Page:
What has changed since I wrote All Wickets Great and Small?

In the summer of 2015, my first cricket book All Wickets Great and Small took me all over Yorkshire to explore the people and places of club cricket.

There was a brand-new cricket club, fresh life being breathed into a former county ground, men in whites battling in the middle of a racecourse and vicars and imams socking sixes.

It is now three years since I travelled far and wide to villages, town and cities in search of the diversity of Yorkshire cricket. What has happened to those featured in that time? Not much in a couple of years? You’d be surprised….

Bradford Park Avenue cricket net facilities

Park Avenue, Bradford

When I went along, it was a Bradford Mutual Sunday School Cricket League game between Omar and Interlink. The camaraderie and pizza was notable but the place looked a mess.

I labelled the stadium a ‘forlorn, crumbling relic’ back then but as I put finger to keyboard, the square has been re-laid to first-class standard; the changing rooms and outstanding cricket nets are being used by clubs and community groups.

It would be fair to say that the five-phase project is some way behind with the intended deadline of 2019 not remotely going to be met. There is a new county cricket standard pavilion, a 250-capacity restaurant, over 5,000 new seats and ECB-standard floodlights to find the money for.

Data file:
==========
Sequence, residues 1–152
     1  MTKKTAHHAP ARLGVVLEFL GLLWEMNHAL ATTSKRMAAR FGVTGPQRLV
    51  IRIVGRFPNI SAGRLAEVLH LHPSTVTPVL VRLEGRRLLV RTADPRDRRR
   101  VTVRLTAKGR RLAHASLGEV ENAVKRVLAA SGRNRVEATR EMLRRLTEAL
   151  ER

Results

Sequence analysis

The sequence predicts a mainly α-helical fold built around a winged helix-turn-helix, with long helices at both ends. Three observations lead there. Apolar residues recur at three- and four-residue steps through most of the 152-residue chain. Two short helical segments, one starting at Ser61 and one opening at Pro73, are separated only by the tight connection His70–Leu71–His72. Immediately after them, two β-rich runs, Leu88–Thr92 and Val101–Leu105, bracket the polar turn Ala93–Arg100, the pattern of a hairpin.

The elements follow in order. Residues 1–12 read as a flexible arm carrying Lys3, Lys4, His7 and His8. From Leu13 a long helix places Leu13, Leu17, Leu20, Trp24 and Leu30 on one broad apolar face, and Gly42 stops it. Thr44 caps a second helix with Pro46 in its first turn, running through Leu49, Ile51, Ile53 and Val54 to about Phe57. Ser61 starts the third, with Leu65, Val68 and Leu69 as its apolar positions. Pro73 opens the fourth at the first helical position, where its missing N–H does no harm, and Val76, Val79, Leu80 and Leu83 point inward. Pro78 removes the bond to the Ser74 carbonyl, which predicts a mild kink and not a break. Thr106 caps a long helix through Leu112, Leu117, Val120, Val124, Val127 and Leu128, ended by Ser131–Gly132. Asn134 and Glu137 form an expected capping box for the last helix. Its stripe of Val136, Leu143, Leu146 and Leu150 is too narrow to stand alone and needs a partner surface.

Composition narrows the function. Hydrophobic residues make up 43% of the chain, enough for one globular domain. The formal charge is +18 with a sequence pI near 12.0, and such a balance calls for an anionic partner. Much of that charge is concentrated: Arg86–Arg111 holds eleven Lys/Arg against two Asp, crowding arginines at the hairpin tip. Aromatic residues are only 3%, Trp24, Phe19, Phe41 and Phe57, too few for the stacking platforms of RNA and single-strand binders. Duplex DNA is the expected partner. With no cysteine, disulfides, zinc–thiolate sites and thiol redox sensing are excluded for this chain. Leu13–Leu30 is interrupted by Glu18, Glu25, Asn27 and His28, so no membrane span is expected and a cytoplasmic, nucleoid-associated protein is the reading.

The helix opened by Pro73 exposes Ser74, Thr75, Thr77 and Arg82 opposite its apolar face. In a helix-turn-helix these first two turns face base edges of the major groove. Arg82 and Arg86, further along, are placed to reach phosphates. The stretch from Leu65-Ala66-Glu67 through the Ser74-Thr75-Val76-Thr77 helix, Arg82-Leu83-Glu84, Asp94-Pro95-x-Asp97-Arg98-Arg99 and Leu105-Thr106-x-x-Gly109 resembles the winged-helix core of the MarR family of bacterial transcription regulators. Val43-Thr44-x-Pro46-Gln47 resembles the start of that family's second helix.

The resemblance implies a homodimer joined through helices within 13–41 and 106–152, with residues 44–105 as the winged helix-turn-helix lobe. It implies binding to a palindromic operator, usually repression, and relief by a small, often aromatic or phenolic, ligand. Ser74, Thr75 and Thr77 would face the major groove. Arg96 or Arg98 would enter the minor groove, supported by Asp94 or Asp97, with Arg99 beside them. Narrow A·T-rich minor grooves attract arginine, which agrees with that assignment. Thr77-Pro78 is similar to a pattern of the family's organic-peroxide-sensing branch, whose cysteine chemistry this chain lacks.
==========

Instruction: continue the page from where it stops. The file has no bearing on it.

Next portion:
Nonetheless, there is visible progress and I’ve watched everything from schools cricket to the ECB City Cup at Park Avenue in the past two summers. I have every digit crossed the funds can be found and the much-publicised ambition isn’t scaled back or mothballed. Time will tell.

cricket at weetwood

Playing fields, Weetwood

Nothing changes and yet everything changes when it comes to the MCCU scheme that encourage talented cricketers to gain a degree while pursuing their goal of playing cricket professionally.

Since I watched Billy Root dazzle for Leeds Bradford MCCU in a T20, he has gone on to play county cricket for Nottinghamshire and has now signed for Glamorgan for 2019. Yorkshire’s centre of excellence has seen many students impress for counties though they have tapered off in terms of trophies and table-topping, eclipsed by Loughborough.

As Somerset spinner Jack Leach catches the eye for England over in Sri Lanka, it is another reminder that the scheme (he went to Cardiff MCCU) is invaluable.

Its future is being thrashed out as we speak but since I penned All Wickets, there has been the introduction of women’s MCCU squads and talk of more emphasis on white-ball cricket.

Funding for the MCC Universities scheme will be taken in-house by the ECB from 2020 as the MCC conclude their partnership so change is coming.

Cricket Yorkshire has sponsored Leeds Bradford MCCU for four years and I am nothing if not dogged in my beliefs as to its future and form.

Let’s keep everything crossed that MCCUs don’t lose their first-class status when they play counties (it should be all three fixtures, not just two of three).